The San Diego State Aztecs' game against the Nevada Wolf Pack this Saturday in Reno, Nevada, may be the deciding game in who wins the West division of the Mountain West Conference.
What better game to decide who may win the West division than a matchup between these two teams, who aren't foreign to theatrical endings when they meet.
Last season, the Aztecs dropped a huge fourth quarter lead, but wound up winning 51-44 in overtime. In 2012, the team was able to rally behind Adam Dingwell, replacing then-quarterback Ryan Katz who broke his ankle in the first quarter, to win 39-38, yet again in overtime.
While the game will not be on ESPN like it was last season (it's on CBS Sports Network), it may end being one of the best games in the MW so far this season, if history holds up.
Here are some story-lines heading into Saturday:
Aztecs get healthy at perfect time
There may not have been better news for the Aztecs all season than when they were able to clear 2013 leading receiver Ezell Ruffin and 2012 Defensive Player of the Year Jake Fely for practice this week. Both are expected to play on Saturday.
Ruffin has not played since breaking his collarbone against North Carolina in Week 2, and the effects have hit senior quarterback Quinn Kaehler especially hard, who has struggled mightily since Ruffin's injury.
Fely, on the other hand, has not played since the beginning of last season when he broke his foot. There may not be a more important game to have Fely than this week, as Nevada quarterback Cody Fajardo has been a thorn in the Aztecs' side the last two seasons.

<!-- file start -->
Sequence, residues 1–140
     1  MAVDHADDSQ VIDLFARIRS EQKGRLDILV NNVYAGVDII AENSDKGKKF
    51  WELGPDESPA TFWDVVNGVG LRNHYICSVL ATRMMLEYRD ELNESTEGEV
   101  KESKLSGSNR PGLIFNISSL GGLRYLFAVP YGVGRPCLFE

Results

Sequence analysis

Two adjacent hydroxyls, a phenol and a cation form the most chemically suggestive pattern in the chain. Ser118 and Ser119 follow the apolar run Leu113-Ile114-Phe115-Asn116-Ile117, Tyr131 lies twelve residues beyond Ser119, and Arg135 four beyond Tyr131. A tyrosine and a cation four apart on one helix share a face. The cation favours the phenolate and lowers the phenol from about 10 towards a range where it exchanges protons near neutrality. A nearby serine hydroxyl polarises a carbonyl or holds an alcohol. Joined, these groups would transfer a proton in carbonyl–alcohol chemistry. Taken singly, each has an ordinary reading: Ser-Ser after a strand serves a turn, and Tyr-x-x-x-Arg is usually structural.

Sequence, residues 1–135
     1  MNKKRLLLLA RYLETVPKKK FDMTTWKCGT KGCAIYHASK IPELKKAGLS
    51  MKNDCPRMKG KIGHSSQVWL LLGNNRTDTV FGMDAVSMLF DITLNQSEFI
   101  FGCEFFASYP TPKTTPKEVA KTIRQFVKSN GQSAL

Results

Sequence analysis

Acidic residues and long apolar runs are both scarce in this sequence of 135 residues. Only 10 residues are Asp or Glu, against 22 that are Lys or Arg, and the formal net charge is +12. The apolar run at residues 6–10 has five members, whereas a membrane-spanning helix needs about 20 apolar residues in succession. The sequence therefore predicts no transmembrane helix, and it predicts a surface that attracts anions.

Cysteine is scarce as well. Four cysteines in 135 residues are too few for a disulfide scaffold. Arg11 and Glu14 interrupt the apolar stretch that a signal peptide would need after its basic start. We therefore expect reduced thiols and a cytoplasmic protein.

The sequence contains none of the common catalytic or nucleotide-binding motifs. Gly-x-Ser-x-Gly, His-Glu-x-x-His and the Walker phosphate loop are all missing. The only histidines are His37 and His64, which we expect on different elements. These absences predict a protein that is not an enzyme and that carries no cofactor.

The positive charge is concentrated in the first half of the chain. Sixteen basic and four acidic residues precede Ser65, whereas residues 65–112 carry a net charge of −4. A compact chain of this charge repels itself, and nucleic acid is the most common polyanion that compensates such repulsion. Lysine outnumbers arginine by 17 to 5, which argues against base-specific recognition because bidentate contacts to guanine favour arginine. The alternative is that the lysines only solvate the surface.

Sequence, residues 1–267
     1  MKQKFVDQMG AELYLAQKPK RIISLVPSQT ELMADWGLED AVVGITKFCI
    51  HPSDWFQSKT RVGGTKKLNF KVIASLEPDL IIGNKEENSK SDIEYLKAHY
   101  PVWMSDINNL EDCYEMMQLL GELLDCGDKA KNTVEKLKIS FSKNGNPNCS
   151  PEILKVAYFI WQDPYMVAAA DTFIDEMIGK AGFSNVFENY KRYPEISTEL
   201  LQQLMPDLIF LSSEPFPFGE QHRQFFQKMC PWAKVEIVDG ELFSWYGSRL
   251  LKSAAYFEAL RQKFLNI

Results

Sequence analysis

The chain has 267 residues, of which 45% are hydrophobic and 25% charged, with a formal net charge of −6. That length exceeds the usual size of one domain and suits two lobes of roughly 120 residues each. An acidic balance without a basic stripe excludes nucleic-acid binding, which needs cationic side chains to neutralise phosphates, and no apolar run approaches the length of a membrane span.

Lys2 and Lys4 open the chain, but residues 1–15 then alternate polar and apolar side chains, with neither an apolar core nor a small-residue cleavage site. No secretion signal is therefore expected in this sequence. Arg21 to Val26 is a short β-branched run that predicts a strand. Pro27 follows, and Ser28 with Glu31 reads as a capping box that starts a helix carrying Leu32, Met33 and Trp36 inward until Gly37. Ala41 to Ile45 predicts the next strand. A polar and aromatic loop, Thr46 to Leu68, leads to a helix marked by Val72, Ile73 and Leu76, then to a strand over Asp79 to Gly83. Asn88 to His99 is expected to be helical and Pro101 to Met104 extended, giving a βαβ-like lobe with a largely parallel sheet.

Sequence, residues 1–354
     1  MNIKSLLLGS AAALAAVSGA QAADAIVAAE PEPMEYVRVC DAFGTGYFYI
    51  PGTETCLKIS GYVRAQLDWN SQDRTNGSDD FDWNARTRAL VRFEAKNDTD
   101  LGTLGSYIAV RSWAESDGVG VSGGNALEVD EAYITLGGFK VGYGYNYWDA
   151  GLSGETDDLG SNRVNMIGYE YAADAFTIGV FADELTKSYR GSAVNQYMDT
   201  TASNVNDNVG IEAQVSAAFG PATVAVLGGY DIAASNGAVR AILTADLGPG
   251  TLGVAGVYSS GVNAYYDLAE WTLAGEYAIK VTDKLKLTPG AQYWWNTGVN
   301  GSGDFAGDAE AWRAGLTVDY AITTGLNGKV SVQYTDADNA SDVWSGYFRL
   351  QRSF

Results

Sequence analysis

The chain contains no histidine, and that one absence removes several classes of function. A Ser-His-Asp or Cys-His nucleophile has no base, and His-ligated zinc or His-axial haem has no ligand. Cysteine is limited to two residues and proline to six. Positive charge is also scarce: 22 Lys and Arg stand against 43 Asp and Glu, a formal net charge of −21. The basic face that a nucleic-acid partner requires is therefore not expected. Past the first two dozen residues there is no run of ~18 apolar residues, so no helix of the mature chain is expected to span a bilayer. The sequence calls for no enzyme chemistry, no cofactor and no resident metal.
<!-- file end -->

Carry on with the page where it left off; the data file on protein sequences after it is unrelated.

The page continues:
Not only are the Aztecs returning Fely and Ruffin, but their bye last week also gave Kaehler more time to rest his sore throwing shoulder.
What makes Nevada so potent on offense?
There's a reason that the Wolf Pack average 29.9 points per game, and that is the amazing play of Fajardo at the quarterback position.
Fajardo has already rushed for 10 touchdowns this season, only two less than SDSU running back Donnel Pumphrey.
On top of that, he has also thrown for 11 touchdowns, and has a 62.6 completion percentage. Kaehler has thrown for just three touchdowns, and has no rushing touchdowns, although he did miss a game-and-a-half.
While a lot of players have come and gone over the last two marathons that these teams have played against each other, one player has been the anchor for Nevada, and that is Fajardo. With him, the Wolf Pack always has a chance.
Does SDSU's offensive game-plan change with Ruffin?
SDSU has not been with their star receiver since week two, and you have to imagine offensive coordinator Bob Toledo is as giddy as he has been all season.
However, don't expect the Aztecs' offensive strategy to change too much with Ruffin back in the lineup.
Both Kaehler and head coach Rocky Long expressed in their weekly press conference on Tuesday that the team's goal remains the same on offense: run the ball and control the clock.
That strategy will be extremely crucial against a Nevada team that runs a high powered offense that looks to score quick and often. Sometimes the only way to stop the Wolf Pack offense is by keeping them off the field.
Luckily for SDSU they have the MW's leading rusher in Pumphrey, and the return of Ruffin should only widen the gaps he has piled up yardage through all season.
When facing a quarterback of the caliber of Fajardo, who likes to scramble, it's important that you tackle well. Unfortunately the Aztecs have had a poor season when it comes to that, so it will be up to Fely who's returning from injury to set an example for a defense that has struggled all year with tackling.
Another key matchup to watch will be Aztec corners Damontae Kazee and J.J. Whittaker versus Nevada receivers Hasaan Henderson and Jerico Richardson. Due to Fajardo's rushing abilities, the SDSU corners may be left out on an island and forced to cover without any safety help because they will be in contain on Fajardo.
SDSU will not rely on Kaehler to set the tone for the offense, but judging from last season's offensive outburst between these teams, he will need to be efficient at the least. Not saying that Kaehler needs to throw for 350 yards and three touchdowns, but to keep up with a team like Nevada on offense, you must be able to move your team down field and convert touchdowns -- not just field goals.
Prediction: SDSU 35, Nevada 32